Above photo: Projection of Florida’s coronavirus deaths from IHME (CBS12.com, 4/14/20).
There’s a lot of talk these days about the coronavirus “peak”:
- “As Coronavirus Cases Near 2 Million, Countries Try to Look Beyond Peak” (New York Times, 4/14/20)
- “US Nearing Coronavirus Peak as Deaths Climb Over 22,000” (US News, 4/13/20)
- “California Is Days Away From Its Projected Coronavirus Peak” (USA Today, 4/12/20)
- “Coronavirus State-by-State Projections: When Will Each State Peak?” (NPR, 4/7/20)
The idea of a “peak” gives the comforting impression that there is a corner to be turned, around which life will get back to some kind of normal. “The worst is over,” as New York Gov. Andrew Cuomo was quoted in the New York Times (4/13/20). Or as President Donald Trump told Fox News (4/7/20; New York Post, 4/8/20), “I think New York is getting ready if not already, but getting ready to peak, and once it peaks, it will start coming down and it’s going to come down fast.”
Predictions of a peak are based on computer modeling, particularly from the Institute for Health Metrics and Evaluation (IHME). “The models do show that we are very close to the peak,” FDA commissioner Stephen Hahn told ABC‘s This Week (4/12/20). IHME’s model produces graphs that tend to suggest a rapid rise and fall in Covid-19 deaths—what you might describe as a peak:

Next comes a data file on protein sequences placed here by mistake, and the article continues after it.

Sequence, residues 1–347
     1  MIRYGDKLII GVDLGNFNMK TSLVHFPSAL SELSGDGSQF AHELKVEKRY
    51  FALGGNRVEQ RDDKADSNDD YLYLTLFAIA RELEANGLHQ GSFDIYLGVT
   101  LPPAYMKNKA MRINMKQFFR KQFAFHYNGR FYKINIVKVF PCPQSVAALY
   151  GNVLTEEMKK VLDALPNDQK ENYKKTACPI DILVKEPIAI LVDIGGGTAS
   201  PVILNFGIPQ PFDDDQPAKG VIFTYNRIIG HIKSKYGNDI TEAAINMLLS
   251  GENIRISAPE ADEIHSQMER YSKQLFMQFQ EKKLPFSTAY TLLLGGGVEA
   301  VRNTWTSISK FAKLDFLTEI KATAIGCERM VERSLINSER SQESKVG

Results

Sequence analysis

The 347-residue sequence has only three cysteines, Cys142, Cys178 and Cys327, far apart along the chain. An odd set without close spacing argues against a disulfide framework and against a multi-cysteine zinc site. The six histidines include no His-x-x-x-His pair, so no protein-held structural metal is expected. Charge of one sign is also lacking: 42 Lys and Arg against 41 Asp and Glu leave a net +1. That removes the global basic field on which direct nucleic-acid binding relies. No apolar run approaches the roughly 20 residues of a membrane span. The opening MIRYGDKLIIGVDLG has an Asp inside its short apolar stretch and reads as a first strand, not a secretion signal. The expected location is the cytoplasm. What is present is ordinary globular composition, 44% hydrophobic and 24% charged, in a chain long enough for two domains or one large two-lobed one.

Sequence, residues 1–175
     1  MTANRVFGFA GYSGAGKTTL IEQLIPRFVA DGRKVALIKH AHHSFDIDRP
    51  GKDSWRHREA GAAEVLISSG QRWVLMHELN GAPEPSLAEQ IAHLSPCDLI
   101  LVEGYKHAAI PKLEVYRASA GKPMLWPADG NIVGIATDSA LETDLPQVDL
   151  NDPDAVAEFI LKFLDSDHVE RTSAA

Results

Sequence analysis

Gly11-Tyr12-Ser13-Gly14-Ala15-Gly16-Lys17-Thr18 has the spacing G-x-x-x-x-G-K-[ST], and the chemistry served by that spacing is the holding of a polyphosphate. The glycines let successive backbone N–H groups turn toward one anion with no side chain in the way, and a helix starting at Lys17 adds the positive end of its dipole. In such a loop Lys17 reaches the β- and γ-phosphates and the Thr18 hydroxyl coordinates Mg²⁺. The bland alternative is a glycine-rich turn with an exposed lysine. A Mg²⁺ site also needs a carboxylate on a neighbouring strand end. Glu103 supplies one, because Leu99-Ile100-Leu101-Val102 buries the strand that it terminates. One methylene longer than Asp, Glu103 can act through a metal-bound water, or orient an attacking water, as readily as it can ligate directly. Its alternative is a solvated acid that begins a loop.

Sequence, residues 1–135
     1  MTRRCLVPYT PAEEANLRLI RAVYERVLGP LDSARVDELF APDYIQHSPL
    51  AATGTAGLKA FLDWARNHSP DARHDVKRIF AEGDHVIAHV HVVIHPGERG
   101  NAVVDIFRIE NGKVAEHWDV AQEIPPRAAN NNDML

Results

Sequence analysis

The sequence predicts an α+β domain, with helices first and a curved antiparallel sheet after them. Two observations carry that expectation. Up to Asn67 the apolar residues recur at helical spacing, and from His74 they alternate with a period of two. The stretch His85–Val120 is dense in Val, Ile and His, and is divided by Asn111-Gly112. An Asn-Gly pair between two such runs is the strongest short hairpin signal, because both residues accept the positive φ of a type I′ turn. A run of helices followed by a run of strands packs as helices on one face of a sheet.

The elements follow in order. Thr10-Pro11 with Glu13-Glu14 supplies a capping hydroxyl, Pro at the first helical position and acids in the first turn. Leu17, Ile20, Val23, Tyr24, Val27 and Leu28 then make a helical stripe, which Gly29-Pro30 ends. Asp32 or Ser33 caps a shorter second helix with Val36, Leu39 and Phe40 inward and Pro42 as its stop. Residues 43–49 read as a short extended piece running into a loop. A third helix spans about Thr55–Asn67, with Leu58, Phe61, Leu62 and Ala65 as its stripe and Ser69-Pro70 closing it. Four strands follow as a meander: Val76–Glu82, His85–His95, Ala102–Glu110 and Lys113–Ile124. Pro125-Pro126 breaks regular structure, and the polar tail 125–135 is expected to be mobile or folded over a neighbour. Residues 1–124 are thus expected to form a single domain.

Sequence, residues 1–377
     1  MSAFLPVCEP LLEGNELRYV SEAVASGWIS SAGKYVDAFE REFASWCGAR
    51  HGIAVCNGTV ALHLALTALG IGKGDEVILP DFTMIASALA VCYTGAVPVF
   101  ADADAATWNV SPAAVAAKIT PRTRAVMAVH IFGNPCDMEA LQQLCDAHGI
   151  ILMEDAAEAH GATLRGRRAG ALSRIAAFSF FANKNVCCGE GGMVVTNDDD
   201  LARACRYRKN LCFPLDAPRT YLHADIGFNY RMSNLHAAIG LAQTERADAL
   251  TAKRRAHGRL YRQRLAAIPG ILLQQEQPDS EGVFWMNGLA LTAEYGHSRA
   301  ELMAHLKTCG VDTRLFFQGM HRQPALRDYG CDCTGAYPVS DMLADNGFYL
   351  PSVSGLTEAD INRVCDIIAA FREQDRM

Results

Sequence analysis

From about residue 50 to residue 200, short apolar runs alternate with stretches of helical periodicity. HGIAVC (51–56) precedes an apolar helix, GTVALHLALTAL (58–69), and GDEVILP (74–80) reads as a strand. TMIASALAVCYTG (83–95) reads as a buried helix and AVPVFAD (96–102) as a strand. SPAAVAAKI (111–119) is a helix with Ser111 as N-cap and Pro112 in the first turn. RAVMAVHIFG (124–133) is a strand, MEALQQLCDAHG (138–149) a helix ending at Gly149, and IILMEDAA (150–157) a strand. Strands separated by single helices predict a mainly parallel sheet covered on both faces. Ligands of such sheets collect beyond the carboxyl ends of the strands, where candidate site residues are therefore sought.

I certainly hope to see the toll of the coronavirus trailing away like that. But I think this might be another case (FAIR.org, 3/17/20) where media are misleading by paying more attention to computer simulations than to real-world examples. (The following charts come from 91-DIVOC, an invaluable data visualization project.)
Take Italy, the Western country with the earliest major Covid-19 outbreak. When you look at new cases per day, they’ve been arriving at a fairly consistent rate of about 3,000–6,000 a day for a month now:
This, in turn, has led to a quite steady level of active cases of infection:
Which explains why the number of deaths per day in Italy is falling very gradually, if at all:
You see similar plateaus in other Western countries that had early major outbreaks, like Spain and France. And the same pattern can be seen in California, the first—and one of the best-controlled—outbreaks among US states:
It’s possible that these longstanding, seemingly self-sustaining outbreaks will soon take a turn for the better, and new cases and deaths will indeed fall off sharply. But it’s also possible that the response to the coronavirus’ pronounced lethality and asymptomatic infectiousness—a drastic physical separation necessary to prevent a quickly mounting death toll—means that Covid-19 will not be a normal disease with a steep arrival curve and an equally sudden departure.
In other words, there may be no peak.
People should indeed be thinking about how elements of normal life can be resumed most safely if the coronavirus ebbs away. But we also need to think about what we’ll do if physical separation is something that needs to be sustained not for weeks, but for months—possibly even until a vaccine is developed, which optimistic estimates put at least a year away. How does one keep a population fed and sheltered while most of their economy is unable to function? And how does one maintain that economy in a state that can eventually be revived? These are questions that we may have no choice but to answer.